Lebanon News

Demolition of the oldest brewery in the Middle East gathers pace

Demolition machines work to tear down the former Laziza brewery in Beirut's Mar Mikhael on Oct. 11, 2017. (The Daily Star/Hasan Shaaban)

BEIRUT: The demolition of the Grand Brasserie du Levant brewery has entered its final phases, leaving its plot at the edge of Beirut’s Mar Mikhael a haze of dust and rubble. Construction workers stood above a colossal pile of debris Thursday as they worked to take down the building. The iconic graffiti – Arabic calligraphy emblazoned across the brewery’s western wall – had been bitten into by the teeth of the demolition machines.

“Everything should be taken down and cleaned in about two months,” Mohammad Ali, a supervisor at the site, told The Daily Star.

Taking its place will be Bernard Khoury’s controversial luxury residential project, Mar Mikhael Village – much to the disappointment of activists eager to preserve Beirut’s historical sites.

“We are keeping the footprint of the building intact, which is the DNA of a building and the element that shapes people’s experience,” Khoury told The Daily Star in March.

“But nobody sees that – they are all stuck on old concepts of what it means to preserve a building.”

Conceptual drawings of the Mar Mikhael development bear little resemblance to the former structure.

According to Mona Fawaz, professor of urban planning at the American University of Beirut, the brewery was built in 1932.

“Its heritage is critical as the embodiment of a historical moment ... when industrialization and modernization were critical,” she told The Daily Star.

Concerned about gentrification of the neighborhood and particularly the destruction of the Middle East’s oldest brewery, members of civil society group Beirut Madinati, started a campaign entitled “Save Mar Mikhael from Mega Projects” in March.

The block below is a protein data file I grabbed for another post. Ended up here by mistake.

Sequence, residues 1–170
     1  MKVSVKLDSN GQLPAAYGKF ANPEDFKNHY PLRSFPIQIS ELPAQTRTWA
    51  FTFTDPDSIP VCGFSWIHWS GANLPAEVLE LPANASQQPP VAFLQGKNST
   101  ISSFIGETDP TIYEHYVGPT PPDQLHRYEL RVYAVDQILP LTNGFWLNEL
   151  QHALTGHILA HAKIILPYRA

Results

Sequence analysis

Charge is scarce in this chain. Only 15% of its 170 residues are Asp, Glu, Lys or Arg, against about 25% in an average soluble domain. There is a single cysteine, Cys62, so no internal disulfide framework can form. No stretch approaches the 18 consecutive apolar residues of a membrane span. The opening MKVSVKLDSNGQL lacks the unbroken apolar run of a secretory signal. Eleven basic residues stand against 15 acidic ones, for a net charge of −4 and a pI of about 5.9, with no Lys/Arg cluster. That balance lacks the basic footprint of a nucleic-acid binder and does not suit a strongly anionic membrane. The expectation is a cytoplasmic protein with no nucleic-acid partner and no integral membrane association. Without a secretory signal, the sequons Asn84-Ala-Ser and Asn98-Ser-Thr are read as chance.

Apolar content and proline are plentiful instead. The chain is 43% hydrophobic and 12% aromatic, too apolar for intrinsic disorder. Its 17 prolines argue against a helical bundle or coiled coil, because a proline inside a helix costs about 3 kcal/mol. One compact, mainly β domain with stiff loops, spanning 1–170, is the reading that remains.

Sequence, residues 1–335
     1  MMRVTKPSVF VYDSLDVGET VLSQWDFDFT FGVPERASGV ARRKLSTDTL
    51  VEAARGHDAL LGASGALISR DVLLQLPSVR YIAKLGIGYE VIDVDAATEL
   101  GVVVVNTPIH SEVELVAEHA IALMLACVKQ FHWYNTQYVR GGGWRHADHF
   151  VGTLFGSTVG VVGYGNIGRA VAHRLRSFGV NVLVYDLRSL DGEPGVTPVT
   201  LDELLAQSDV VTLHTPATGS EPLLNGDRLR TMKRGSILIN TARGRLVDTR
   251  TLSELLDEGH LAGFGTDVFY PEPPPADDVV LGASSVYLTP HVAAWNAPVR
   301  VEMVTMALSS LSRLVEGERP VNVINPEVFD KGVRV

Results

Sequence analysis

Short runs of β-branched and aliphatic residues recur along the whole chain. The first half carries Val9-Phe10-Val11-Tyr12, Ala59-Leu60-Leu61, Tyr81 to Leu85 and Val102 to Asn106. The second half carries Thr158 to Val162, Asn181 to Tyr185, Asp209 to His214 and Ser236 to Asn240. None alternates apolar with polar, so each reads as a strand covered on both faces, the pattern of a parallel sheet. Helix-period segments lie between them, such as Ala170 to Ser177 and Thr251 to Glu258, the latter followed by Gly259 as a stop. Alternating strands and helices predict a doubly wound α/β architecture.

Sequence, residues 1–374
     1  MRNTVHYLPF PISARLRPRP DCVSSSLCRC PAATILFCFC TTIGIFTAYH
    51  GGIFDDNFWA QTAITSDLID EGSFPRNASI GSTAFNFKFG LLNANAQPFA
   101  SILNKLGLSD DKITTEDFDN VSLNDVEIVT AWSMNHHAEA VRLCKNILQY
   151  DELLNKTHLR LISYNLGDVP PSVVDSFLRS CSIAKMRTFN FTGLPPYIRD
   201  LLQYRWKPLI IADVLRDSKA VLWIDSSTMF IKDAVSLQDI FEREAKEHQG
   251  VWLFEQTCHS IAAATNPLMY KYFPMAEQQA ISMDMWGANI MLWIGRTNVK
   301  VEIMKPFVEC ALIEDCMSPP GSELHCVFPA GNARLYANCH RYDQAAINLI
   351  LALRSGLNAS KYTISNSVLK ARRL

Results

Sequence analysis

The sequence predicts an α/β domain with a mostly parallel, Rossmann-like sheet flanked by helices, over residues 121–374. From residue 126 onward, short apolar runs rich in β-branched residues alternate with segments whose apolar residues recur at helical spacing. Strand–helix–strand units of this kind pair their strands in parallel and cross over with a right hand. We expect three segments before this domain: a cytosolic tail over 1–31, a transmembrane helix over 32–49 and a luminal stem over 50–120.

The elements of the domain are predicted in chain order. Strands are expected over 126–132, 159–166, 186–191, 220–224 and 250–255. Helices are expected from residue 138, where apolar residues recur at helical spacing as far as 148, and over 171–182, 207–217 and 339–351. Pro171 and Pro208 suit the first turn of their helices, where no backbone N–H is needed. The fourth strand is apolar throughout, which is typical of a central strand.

Although the demolition of the building ground to a halt in April, Beirut Madinati member Ghassan Salame said that it had resumed on a daily basis over the last few months.

According to Salame, the demolition was put on hiatus in April following protests from residents living in an old building nearby. They argued that their proximity to the project meant ongoing demolition posed a threat to their safety.

“Negotiations seem to have led to a deal because the building is now vacant and the demolition has restarted,” Salame said.

On site, Ali pointed to a vacant building on the western side of the former brewery and noted that the residents had been relocated to a place nearby.

When asked whether the Mar Mikhael Village project would be partially constructed on the residential plot, Ali said that any potential plan to include the neighboring plot had been abandoned.

“The owner of the building had no intention to sell, so the residents will return after a few months,” he said.

A version of this article appeared in the print edition of The Daily Star on November 03, 2017, on page 3.




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